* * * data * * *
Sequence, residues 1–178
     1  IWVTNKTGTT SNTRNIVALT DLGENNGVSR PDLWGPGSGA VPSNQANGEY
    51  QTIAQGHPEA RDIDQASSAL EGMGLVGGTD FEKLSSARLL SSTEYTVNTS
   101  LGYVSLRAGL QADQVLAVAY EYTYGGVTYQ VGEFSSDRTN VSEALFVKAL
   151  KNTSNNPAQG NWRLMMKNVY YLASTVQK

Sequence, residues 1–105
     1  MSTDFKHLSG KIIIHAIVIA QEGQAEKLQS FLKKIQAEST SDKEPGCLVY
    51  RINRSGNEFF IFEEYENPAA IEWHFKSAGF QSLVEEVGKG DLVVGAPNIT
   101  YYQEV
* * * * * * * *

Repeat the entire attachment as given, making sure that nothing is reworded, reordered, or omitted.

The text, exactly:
Sequence, residues 1–178
     1  IWVTNKTGTT SNTRNIVALT DLGENNGVSR PDLWGPGSGA VPSNQANGEY
    51  QTIAQGHPEA RDIDQASSAL EGMGLVGGTD FEKLSSARLL SSTEYTVNTS
   101  LGYVSLRAGL QADQVLAVAY EYTYGGVTYQ VGEFSSDRTN VSEALFVKAL
   151  KNTSNNPAQG NWRLMMKNVY YLASTVQK

Sequence, residues 1–105
     1  MSTDFKHLSG KIIIHAIVIA QEGQAEKLQS FLKKIQAEST SDKEPGCLVY
    51  RINRSGNEFF IFEEYENPAA IEWHFKSAGF QSLVEEVGKG DLVVGAPNIT
   101  YYQEV